Warehouse Lending

What is ‘Warehouse Providing’

Warehouse loaning is a line of credit provided to a loan originator to spend for a mortgage the debtor used to buy property. The life of the loan generally extends from its origination to the time it is sold into the secondary market, either directly or through securitization. The repayment of warehouse credit lines is ensured by lending institutions through charges on each transaction in addition to charges when loan producers post security.

BREAKING DOWN ‘Warehouse Providing’

A warehouse line of credit is supplied to mortgage loan providers by monetary organizations. The loan providers depend on the eventual sale of mortgage loans to pay back the monetary institution and to make a revenue. For this reason, the monetary organization that supplies the warehouse line of credit carefully keeps track of how each loan is advancing with the home loan lender till it is offered.

How It Functions

Storage facility financing can most just be understood as a means for a bank or similar institution to offer funds to a debtor without utilizing its own capital. In warehouse lending, a bank manages the application and approval for a loan however gets the funds to make the loan from a storage facility lending institution. When the bank then offers the mortgage to another lender in the secondary market, it gets the funds that it then uses to pay back the storage facility loan provider. Jane Doe’s bank profits through this process by earning points and origination charges.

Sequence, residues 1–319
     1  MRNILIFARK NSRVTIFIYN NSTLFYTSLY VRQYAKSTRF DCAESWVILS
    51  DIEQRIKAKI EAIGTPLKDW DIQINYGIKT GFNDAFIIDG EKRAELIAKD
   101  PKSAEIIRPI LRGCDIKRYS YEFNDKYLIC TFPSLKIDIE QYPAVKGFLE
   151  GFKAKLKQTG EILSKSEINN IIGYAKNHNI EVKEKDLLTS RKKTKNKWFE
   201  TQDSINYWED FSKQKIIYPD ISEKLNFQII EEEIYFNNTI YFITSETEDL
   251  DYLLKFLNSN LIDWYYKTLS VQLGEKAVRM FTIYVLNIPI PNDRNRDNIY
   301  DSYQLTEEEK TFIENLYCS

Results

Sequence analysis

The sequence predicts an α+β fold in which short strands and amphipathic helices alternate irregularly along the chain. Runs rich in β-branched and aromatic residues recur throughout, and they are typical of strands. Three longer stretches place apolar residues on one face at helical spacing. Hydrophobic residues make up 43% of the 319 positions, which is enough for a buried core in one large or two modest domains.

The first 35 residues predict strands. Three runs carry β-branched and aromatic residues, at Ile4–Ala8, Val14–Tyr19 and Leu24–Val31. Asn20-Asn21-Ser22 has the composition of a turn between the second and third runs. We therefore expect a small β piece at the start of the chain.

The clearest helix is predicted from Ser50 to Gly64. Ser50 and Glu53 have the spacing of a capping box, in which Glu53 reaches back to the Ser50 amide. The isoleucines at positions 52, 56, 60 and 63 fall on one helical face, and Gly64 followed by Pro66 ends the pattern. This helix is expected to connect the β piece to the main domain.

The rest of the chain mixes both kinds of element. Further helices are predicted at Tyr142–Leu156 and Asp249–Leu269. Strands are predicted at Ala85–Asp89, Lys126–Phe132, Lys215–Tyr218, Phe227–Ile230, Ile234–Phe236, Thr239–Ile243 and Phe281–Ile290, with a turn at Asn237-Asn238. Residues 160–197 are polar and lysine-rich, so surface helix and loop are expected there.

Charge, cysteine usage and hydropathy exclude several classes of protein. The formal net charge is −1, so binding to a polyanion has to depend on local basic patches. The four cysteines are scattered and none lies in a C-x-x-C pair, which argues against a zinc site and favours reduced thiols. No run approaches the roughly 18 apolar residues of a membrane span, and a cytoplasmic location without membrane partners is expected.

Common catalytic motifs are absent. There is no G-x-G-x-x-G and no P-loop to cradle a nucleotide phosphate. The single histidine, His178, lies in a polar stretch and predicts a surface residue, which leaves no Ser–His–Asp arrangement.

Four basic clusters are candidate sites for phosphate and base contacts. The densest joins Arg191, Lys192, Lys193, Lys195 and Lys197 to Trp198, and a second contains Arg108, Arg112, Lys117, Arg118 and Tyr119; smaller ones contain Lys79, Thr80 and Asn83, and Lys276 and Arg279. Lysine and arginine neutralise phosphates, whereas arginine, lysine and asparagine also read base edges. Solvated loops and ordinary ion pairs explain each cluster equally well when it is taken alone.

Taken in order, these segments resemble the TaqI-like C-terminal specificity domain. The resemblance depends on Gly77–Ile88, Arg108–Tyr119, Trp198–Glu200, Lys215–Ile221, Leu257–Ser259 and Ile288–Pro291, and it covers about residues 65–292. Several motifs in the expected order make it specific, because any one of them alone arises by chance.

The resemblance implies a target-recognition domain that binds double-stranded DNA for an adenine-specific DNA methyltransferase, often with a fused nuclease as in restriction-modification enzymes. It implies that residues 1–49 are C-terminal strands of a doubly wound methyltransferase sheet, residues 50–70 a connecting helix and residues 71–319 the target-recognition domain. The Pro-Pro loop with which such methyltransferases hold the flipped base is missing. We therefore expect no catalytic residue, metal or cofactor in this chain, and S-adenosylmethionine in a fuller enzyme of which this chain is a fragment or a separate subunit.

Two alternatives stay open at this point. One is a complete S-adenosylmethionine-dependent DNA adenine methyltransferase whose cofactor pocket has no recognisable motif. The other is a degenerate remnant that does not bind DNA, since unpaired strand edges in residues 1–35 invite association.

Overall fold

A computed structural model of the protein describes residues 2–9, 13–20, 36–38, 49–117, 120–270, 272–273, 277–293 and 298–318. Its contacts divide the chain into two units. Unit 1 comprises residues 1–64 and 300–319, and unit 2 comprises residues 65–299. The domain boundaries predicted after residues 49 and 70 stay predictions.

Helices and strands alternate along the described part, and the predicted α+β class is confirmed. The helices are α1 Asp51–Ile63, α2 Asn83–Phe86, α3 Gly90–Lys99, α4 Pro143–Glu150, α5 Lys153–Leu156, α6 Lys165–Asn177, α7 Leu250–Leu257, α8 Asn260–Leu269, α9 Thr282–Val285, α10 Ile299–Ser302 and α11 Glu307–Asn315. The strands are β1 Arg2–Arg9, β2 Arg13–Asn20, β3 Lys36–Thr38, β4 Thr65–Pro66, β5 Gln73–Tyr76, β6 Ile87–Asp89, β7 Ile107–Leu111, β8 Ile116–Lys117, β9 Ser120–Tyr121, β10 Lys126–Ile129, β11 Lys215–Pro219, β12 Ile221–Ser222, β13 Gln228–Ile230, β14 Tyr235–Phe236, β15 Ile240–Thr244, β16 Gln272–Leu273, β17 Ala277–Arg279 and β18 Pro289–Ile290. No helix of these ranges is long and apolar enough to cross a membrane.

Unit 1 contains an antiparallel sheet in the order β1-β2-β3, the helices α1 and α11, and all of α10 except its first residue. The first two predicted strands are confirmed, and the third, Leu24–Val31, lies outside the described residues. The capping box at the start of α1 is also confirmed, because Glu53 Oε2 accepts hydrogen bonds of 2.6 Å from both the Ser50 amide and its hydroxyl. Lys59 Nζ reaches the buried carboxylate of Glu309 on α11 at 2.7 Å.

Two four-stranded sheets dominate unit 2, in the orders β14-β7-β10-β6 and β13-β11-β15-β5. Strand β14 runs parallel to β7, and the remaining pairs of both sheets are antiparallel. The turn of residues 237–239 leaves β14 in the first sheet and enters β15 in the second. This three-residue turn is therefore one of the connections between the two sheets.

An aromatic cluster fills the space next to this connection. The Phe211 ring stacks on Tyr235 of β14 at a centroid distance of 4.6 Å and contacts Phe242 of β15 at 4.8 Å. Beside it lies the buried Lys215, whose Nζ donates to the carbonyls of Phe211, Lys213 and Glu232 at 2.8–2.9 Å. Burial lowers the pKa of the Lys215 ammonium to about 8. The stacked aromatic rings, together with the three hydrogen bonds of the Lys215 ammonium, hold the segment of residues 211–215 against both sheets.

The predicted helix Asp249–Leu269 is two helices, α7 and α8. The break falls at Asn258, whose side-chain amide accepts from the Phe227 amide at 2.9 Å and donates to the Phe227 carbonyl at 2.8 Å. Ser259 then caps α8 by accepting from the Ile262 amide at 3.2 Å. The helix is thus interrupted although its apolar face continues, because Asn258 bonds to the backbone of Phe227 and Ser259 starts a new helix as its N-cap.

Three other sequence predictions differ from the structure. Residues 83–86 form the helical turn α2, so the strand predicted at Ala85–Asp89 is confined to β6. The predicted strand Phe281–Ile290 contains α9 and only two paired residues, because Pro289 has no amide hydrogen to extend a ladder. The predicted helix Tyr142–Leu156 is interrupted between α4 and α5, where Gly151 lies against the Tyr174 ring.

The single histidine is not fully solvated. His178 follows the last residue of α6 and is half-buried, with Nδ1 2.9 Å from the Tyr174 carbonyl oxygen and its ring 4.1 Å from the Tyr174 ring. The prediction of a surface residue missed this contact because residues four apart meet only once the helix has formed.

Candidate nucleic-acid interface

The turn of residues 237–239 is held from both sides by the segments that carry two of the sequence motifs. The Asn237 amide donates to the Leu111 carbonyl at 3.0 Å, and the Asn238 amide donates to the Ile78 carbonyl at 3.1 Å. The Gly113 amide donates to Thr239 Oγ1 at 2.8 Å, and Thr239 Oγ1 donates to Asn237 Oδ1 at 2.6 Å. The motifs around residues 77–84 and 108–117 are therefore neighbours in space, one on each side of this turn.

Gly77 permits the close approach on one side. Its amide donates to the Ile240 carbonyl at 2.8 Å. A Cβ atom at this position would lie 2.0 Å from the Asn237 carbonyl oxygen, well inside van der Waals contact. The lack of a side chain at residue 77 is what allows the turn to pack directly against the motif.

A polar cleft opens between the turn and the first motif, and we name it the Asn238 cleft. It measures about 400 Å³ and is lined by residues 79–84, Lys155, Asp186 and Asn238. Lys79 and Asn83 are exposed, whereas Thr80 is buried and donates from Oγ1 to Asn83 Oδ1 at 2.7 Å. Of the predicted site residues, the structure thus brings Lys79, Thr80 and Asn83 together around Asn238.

Asset-Based Lending

Storage facility loaning is asset-based lending of the business type. The underlying chauffeur of the deal circulation is mainly the property buyer. Warehouse lending is not home loan loaning. Bank regulators generally treat storage facility loans as lines of credit and label them with a 100% risk-weighted classification, despite the reality the security, when held as a home mortgage note, is considered to be less risky by the same regulators. How warehouse lines of credit are classified may be due, in part, to the fact the time/risk exposure is days, while time/risk direct exposure for home loan notes is years.


In a variety of ways, warehouse lending is strikingly similar to accounts receivable funding for industry sectors, such as distributors and makers. The exception is the security on such lending, which is usually substantially more powerful. Home loan lending institutions are given a short-term, revolving credit line to close home loan that are then offered to the secondary home loan market.

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